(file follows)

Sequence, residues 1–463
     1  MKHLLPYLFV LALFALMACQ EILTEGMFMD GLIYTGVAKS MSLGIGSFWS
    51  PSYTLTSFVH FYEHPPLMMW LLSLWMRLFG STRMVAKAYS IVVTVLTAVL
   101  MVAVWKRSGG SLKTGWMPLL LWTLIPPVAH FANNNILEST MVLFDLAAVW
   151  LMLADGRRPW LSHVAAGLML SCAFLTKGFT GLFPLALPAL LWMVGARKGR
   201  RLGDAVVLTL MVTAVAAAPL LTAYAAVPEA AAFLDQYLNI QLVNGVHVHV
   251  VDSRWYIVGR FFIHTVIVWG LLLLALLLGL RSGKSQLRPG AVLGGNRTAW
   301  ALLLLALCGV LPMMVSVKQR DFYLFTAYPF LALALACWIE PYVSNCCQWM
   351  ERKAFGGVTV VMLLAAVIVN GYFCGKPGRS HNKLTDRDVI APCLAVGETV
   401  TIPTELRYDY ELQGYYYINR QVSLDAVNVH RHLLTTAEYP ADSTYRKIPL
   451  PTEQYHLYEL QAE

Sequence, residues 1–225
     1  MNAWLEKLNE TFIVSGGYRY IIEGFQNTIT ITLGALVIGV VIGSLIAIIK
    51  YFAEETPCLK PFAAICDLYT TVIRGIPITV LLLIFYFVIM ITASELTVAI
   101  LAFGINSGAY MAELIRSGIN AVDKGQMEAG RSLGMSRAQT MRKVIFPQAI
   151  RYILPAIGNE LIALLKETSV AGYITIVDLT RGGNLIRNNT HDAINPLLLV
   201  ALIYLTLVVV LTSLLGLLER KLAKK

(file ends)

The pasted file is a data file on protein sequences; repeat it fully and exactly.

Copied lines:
Sequence, residues 1–463
     1  MKHLLPYLFV LALFALMACQ EILTEGMFMD GLIYTGVAKS MSLGIGSFWS
    51  PSYTLTSFVH FYEHPPLMMW LLSLWMRLFG STRMVAKAYS IVVTVLTAVL
   101  MVAVWKRSGG SLKTGWMPLL LWTLIPPVAH FANNNILEST MVLFDLAAVW
   151  LMLADGRRPW LSHVAAGLML SCAFLTKGFT GLFPLALPAL LWMVGARKGR
   201  RLGDAVVLTL MVTAVAAAPL LTAYAAVPEA AAFLDQYLNI QLVNGVHVHV
   251  VDSRWYIVGR FFIHTVIVWG LLLLALLLGL RSGKSQLRPG AVLGGNRTAW
   301  ALLLLALCGV LPMMVSVKQR DFYLFTAYPF LALALACWIE PYVSNCCQWM
   351  ERKAFGGVTV VMLLAAVIVN GYFCGKPGRS HNKLTDRDVI APCLAVGETV
   401  TIPTELRYDY ELQGYYYINR QVSLDAVNVH RHLLTTAEYP ADSTYRKIPL
   451  PTEQYHLYEL QAE

Sequence, residues 1–225
     1  MNAWLEKLNE TFIVSGGYRY IIEGFQNTIT ITLGALVIGV VIGSLIAIIK
    51  YFAEETPCLK PFAAICDLYT TVIRGIPITV LLLIFYFVIM ITASELTVAI
   101  LAFGINSGAY MAELIRSGIN AVDKGQMEAG RSLGMSRAQT MRKVIFPQAI
   151  RYILPAIGNE LIALLKETSV AGYITIVDLT RGGNLIRNNT HDAINPLLLV
   201  ALIYLTLVVV LTSLLGLLER KLAKK